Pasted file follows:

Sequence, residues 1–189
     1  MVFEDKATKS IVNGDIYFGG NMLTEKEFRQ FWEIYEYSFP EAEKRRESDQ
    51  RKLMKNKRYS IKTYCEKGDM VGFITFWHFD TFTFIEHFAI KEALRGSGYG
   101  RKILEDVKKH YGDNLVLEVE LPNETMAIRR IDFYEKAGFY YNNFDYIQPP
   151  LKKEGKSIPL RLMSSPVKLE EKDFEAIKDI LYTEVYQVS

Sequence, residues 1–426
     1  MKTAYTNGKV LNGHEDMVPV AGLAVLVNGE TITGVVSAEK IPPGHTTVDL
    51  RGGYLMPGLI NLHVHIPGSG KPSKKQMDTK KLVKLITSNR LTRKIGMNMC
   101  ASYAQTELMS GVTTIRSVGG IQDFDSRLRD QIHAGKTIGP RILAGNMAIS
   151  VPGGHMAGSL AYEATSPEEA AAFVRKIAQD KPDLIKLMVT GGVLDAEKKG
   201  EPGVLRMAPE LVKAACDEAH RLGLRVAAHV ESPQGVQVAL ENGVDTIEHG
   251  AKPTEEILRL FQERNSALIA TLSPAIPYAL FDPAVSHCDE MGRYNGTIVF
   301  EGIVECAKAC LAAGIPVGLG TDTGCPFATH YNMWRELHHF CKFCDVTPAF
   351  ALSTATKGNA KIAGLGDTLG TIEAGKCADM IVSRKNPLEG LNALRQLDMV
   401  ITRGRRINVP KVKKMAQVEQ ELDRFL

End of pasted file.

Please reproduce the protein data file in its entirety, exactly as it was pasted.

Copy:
Sequence, residues 1–189
     1  MVFEDKATKS IVNGDIYFGG NMLTEKEFRQ FWEIYEYSFP EAEKRRESDQ
    51  RKLMKNKRYS IKTYCEKGDM VGFITFWHFD TFTFIEHFAI KEALRGSGYG
   101  RKILEDVKKH YGDNLVLEVE LPNETMAIRR IDFYEKAGFY YNNFDYIQPP
   151  LKKEGKSIPL RLMSSPVKLE EKDFEAIKDI LYTEVYQVS

Sequence, residues 1–426
     1  MKTAYTNGKV LNGHEDMVPV AGLAVLVNGE TITGVVSAEK IPPGHTTVDL
    51  RGGYLMPGLI NLHVHIPGSG KPSKKQMDTK KLVKLITSNR LTRKIGMNMC
   101  ASYAQTELMS GVTTIRSVGG IQDFDSRLRD QIHAGKTIGP RILAGNMAIS
   151  VPGGHMAGSL AYEATSPEEA AAFVRKIAQD KPDLIKLMVT GGVLDAEKKG
   201  EPGVLRMAPE LVKAACDEAH RLGLRVAAHV ESPQGVQVAL ENGVDTIEHG
   251  AKPTEEILRL FQERNSALIA TLSPAIPYAL FDPAVSHCDE MGRYNGTIVF
   301  EGIVECAKAC LAAGIPVGLG TDTGCPFATH YNMWRELHHF CKFCDVTPAF
   351  ALSTATKGNA KIAGLGDTLG TIEAGKCADM IVSRKNPLEG LNALRQLDMV
   401  ITRGRRINVP KVKKMAQVEQ ELDRFL